Plumbing Adventures #12

Ever since we moved into our house, we have had a long series of adventures with plumbing.  This weekend brought about adventure #12. (Yes, I really have been keeping count)  Since we have a well, we have extra plumbing that others might not, including a filtration system and pressure tank.  Our plumbing adventures have ranged from simple repairs to what could have been expensive damages.

Some of our adventures in the past have included:
  • New hot water tank since the old one was rusted through
  • Replacing the thermostat and heating element in the new hot water tank
  • Leaking kitchen sink drain.  Replaced faucet and drain
  • Leaking toilets
  • Water supply line broke in basement. Luckily we were home when this happened
  • Icemaker installation (Who doesn't plumb a newer house for an icemaker?)
  • Water filtration system (numerous times) draining the entire system and replacing pipes
  • Water valve in supply line in basement cracked
The adventure this weekend could have been the worst so far.  We started on the upgrade of the bathrooms and began tearing out everything in the bathroom.  After shutting off the water at valves under the sink and removing the sink and faucet, Mr Roberts began prying the cabinet away from the wall to cut through side and remove the cabinet.  Suddenly, both of the water supply lines snapped off behind the valves sending water shooting across the room.

So, I quickly tried to run down two flights of steps to get to the circuit breaker in the basement.  Since we are on a well, shutting off the well pump stops the supply of water.  However, there is still enough water and pressure in the lines to continue to supply limited water.  I had just barely shut off the water in the basement, when water began pouring into the basement.  I knew that there wasn't enough water to be running down steps or across the floors and quickly discovered that gravity works really fast.  All the water that had come shooting out the supply lines upstairs was now running back down the outside of those lines inside the walls and pouring into the basement.

After about 10 minutes of putting containers under leaks the dripping slowly stopped.  Now I had water across my basement and water in the upstairs bathroom.  Mr Roberts quickly went to cleaning up the bathroom while I worked on the basement.

I knew that quick action would keep this from becoming a disaster.  Since the laundry room is in the basement, I grabbed the baskets of dirty clothes and starting throwing all the cottons on the floor to absorb the water.  I and the children found all the box fans and an electric heater and set them up in the wet areas.  Meanwhile, Mr Roberts had cut a 3' X 3' hole in the wall to remove the water that had gotten in the wall.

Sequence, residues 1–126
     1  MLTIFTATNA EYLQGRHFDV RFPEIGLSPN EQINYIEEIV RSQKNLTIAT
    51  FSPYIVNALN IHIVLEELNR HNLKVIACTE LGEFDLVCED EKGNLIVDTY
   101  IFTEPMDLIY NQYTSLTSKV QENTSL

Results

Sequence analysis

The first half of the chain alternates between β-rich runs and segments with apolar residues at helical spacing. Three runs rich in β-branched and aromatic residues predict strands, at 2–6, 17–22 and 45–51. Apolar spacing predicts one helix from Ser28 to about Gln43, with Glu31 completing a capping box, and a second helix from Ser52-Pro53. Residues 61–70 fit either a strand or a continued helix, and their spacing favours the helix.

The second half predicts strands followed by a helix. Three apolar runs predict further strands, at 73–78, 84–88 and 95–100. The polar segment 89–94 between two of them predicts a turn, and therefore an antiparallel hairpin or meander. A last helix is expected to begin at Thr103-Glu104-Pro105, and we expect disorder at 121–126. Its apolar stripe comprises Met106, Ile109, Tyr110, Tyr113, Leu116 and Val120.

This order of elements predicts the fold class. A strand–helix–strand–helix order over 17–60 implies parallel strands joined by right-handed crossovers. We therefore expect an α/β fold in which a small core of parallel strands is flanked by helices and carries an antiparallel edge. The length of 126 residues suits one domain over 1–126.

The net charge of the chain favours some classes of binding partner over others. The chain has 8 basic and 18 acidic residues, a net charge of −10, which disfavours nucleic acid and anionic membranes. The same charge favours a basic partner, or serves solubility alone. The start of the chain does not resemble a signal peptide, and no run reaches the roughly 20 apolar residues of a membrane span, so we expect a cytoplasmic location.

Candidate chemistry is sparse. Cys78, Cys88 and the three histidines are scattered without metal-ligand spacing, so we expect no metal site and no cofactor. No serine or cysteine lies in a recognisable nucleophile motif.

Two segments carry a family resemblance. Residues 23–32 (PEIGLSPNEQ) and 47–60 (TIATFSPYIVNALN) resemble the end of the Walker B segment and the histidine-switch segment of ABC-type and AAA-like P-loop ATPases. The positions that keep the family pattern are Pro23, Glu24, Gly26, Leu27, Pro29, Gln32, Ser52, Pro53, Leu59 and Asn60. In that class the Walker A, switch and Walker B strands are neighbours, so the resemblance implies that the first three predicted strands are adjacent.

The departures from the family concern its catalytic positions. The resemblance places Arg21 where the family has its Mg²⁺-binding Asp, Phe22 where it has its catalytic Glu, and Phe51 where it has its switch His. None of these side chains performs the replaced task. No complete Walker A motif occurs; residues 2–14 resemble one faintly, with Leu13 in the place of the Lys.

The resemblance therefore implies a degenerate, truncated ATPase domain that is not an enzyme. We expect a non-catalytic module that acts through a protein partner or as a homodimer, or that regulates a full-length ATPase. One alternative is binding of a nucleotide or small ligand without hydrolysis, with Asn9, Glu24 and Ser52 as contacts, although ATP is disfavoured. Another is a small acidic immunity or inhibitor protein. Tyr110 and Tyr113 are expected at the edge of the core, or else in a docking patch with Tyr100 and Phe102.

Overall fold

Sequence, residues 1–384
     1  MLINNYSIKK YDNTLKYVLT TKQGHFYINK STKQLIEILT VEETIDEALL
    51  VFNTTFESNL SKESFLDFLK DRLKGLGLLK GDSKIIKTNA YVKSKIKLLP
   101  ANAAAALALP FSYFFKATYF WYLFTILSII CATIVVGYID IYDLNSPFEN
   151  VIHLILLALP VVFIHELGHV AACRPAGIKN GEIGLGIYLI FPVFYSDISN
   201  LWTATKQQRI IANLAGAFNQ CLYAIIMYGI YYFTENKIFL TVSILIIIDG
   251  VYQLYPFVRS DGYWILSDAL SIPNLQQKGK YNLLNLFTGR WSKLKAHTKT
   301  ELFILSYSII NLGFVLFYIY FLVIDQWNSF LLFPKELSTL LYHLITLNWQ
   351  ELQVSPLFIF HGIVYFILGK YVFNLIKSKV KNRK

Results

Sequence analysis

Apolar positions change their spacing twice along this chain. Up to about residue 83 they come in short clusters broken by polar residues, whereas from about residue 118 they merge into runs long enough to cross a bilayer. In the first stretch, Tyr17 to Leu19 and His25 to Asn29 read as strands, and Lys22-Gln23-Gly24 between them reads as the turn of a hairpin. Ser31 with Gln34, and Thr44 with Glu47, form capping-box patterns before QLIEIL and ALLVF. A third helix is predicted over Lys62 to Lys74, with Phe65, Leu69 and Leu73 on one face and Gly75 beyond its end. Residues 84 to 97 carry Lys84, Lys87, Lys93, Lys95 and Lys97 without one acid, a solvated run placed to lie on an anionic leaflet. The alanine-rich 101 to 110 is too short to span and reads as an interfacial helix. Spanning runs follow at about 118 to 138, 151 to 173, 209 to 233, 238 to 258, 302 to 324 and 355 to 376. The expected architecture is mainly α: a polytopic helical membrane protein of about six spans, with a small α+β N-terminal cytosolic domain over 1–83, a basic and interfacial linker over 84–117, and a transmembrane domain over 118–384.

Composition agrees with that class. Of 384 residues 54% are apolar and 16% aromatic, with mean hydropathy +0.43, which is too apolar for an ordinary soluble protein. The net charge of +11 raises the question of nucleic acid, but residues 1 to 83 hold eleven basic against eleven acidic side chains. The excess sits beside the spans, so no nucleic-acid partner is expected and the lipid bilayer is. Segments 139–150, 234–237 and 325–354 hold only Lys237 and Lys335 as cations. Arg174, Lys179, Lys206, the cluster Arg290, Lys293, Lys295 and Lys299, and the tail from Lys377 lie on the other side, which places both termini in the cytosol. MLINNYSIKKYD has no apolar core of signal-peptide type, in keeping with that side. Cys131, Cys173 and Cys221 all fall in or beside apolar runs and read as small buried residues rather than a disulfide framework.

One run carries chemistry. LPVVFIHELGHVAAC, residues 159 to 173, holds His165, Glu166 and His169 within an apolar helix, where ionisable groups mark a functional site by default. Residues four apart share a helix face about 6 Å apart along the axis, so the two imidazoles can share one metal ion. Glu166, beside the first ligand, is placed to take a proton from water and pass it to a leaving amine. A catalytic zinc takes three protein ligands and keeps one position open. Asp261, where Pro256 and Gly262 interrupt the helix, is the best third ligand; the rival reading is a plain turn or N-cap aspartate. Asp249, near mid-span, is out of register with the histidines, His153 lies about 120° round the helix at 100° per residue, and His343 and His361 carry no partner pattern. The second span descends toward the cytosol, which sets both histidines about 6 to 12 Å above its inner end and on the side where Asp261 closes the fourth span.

Two hours later and only a few wet spots on the ceiling in the main floor of the house, most of the water was dried up.  The only area still damp was the subfloor in the bathroom.  But, now we had a dry house with no water and no way to turn it back on without repeating the flooding. While we do keep a supply of plumbing materials on hand, we didn't have near enough to do two full valve replacements.  So, we headed off for a trip to town to buy the plumbing supplies and drywall required to repair the mess.

Since I can almost call myself an expert at unexpected plumbing problems, here are my suggestions for keeping them from becoming disasters.

 Know how to turn off the water and electric to your home.  Check to make sure your circuit breaker is marked correctly and where the main water valve is for your home. 

1. Quickly try to absorb any water.  Use towels, sheets or when those run out cotton clothes such as t-shirts.
2. Use fans or electric heaters with fans to get air moving across the area. (Use heaters on low or fan since high heat encourages mold.)
3. Be sure that no electronics are affected or sitting in standing water.

More Water Emergency Tips

If you don't keep drinking water on hand, you should think about it.  Being at home all day with no running water is a challenge.  Keeping water on hand means that everyone can wash their hands, humans and pets have something to drink and toilets can be flushed.


  1. Oh dear! That was quick thinking to use the laundry to soak up the water. I'm glad that you didn't get a lot of damage, and I hope that you have running water (in the right places) soon!

    - Kay

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